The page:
Critics of the current appointment system, however, point out that this discretion is also something that can lead to cronyism and potential abuse, and that is certainly a valid point.  In my earlier days at the D.A.'s Office, there were some judges that I saw appointing mind-numbingly bad attorneys on a routine basis.  I also saw attorneys who were powerful in the Republican Party or big donors that got a lot of mind-boggling appointments.  That being said, I saw that taper off significantly as new judges were elected to the Bench over the past fifteen years or so.

The critics of Harris County's current appointment system, led by County Commissioner and former-State Senator Rodney Ellis, are pushing hard to replace it with a new program known as the Managed Assigned Counsel (MAC) Program. This program would take the power of appointment away from the Judges and Coordinators and give it to a newly created entity that made the appointments in a rotation.   The County Court judges have largely agreed to it, but there is some debate amongst the District Court judges.  The District Court judges have been regularly meeting with each other and members of the Defense Bar to iron out potential details.

The MAC is something that would require a grant from the Texas Indigent Defense Commission (TIDC) and the TIDC is an organization near dear to Rodney Ellis' heart.  His former policy advisor, Scott Ehlers, is Special Counsel to TIDC and would doubtlessly play a large role in bringing the MAC to Harris County.  It is my understanding that the District Court Judges have requested more time from TIDC to research the project, but apparently, Ellis was not on board with this delay.

Today, I was provided with a copy of TIDC's Recommendations for a Unified Harris County Managed Assigned Counsel Program, a 22 page write up of TIDC's ideas of how the new MAC should be implemented and run.  Although it is doubtlessly well-intentioned, I have numerous concerns about how it would work in Harris County.   In no particular order, here are some of the biggest ones.

1.  The MAC should oversee the appointment and payment of counsel in all misdemeanors and non-capital felonies, as well as appeals and post-conviction matters.  A MAC can also oversee appointments in specialty courts.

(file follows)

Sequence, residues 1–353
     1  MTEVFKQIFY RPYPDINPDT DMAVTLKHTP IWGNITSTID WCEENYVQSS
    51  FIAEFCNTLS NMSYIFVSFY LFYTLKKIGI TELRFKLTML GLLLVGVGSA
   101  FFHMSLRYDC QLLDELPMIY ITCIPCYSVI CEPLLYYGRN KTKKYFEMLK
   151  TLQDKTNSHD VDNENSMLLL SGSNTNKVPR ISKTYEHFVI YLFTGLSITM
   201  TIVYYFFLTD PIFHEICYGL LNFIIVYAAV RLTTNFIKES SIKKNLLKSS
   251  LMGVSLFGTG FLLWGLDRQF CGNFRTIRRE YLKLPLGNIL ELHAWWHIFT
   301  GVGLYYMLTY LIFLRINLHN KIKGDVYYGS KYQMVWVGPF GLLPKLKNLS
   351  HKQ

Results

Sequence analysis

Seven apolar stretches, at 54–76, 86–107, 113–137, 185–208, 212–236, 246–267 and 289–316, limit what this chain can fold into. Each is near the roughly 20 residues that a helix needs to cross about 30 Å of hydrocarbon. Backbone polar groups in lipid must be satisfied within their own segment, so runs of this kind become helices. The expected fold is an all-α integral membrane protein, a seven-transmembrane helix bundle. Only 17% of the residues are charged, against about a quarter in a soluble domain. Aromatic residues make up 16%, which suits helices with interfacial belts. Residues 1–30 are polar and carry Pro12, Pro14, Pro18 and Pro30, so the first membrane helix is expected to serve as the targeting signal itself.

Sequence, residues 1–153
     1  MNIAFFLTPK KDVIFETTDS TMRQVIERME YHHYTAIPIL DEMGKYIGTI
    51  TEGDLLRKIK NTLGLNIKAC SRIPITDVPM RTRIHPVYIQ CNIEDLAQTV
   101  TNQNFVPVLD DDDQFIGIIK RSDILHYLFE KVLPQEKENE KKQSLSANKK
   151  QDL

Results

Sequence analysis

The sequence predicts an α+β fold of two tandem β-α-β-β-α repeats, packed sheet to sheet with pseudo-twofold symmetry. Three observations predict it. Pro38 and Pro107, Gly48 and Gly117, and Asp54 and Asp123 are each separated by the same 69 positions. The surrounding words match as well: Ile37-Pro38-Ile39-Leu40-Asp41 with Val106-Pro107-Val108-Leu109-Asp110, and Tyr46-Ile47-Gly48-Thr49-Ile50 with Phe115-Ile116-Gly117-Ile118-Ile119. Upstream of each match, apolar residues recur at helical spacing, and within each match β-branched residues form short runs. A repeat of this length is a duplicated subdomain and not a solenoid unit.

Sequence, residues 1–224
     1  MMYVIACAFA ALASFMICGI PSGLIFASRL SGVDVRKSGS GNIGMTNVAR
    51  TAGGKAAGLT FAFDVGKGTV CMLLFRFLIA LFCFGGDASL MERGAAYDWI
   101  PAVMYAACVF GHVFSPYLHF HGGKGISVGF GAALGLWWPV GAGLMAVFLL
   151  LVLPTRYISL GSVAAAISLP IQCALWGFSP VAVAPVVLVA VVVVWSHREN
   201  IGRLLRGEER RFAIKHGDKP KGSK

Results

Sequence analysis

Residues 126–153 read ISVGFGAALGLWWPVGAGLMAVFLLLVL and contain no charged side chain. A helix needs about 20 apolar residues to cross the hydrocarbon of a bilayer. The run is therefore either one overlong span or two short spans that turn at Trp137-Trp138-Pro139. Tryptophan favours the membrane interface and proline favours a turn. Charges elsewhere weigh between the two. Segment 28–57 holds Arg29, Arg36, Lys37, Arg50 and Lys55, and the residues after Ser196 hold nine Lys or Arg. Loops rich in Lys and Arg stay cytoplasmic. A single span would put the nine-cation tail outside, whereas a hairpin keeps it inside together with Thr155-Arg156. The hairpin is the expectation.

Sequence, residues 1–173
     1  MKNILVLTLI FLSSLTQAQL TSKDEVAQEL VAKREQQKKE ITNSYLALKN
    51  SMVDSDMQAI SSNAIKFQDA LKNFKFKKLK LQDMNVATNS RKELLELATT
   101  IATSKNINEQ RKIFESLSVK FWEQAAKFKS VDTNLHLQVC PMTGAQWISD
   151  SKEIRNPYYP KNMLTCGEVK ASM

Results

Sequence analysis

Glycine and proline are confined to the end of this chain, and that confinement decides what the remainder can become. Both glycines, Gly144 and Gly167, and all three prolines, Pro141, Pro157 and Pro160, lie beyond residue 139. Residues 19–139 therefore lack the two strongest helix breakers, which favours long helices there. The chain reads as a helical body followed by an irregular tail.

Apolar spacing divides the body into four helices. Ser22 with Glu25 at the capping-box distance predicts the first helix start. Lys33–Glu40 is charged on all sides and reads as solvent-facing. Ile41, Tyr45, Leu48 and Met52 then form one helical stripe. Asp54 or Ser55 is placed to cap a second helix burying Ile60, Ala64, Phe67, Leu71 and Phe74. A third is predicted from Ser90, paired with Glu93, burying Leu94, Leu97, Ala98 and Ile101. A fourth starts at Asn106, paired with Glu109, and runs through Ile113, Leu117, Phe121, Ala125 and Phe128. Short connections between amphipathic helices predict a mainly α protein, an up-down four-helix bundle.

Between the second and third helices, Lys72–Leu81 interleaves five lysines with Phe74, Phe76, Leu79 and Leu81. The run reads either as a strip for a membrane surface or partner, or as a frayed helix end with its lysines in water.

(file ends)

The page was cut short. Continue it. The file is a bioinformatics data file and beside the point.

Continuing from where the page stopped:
So, two big things jump out in this particular recommendation.  The first being that the MAC system will oversee not just the appointment of counsel, but also the payment of counsel.  As it currently stands, when an attorney submits a voucher for the work done on an appointed case, the Judge of the court must approve it, edit it, or reject it.  Generally, that's a pretty good system because, you know, the judge actually observed the attorney handling the case in his or her court.  The MAC system is going to turn over what payments are made to an entity that isn't in court handling the case.  In essence, this is pretty much the same premise as a person's insurance company deciding what medical procedures a person needs, rather than the doctor.

The second issue is that TIDC also wants the MAC to decide who can do specialty courts (i.e., Mental Health Court, Veteran's Court, Responsive Interventions for Change Court, etc.)  These particular courts rely on a stable of attorneys who practice solely in those courts on a daily basis.  These are courts that can be complicated as they are designed to rehabilitate rather than incarcerate defendants.  In these courts, it is absolutely critical that there are long term attorneys who are handling the caseloads and are familiar with how the courts work.  A MAC System that assigns a revolving door of appointments to random defense attorneys would be extremely counterproductive.

2.  Attorneys will generally be assigned to cases on a rotational basis, taking into consideration attorney experiences and expertise.  Investigators will be assigned to cases when requested by attorneys.  Experts will be approved by the MAC when requested by attorneys.

Attorneys being assigned on a rotational basis ensures that every attorney on the appointment list actually gets an appointment every now and again.   The rationale for this being that some attorneys get appointed on more than their "fair share" of cases, while some are never getting called.  This rule is designed to be fair to all of the attorneys.

Here's a spoiler alert:  the Indigent Defense System is not designed to make sure that attorneys are treated fairly; it's there to make sure that the CLIENTS are treated fairly.  Attorneys who get more appointments just might be getting more appointments because more judges have confidence in those attorneys' abilities.  If an attorney is on the list and never getting an appointment, one might want to know if the reason is that judges don't have faith in the attorney to do a good job.  Appointed attorneys are taking a client's life into their hands -- it isn't time to make sure that everyone gets a participation trophy.  Would you be comfortable going into heart surgery and being told "Well, Dr. Smith is the best heart surgeon in Houston, but we're giving you Dr. Jones because he hasn't gotten to do heart surgery lately."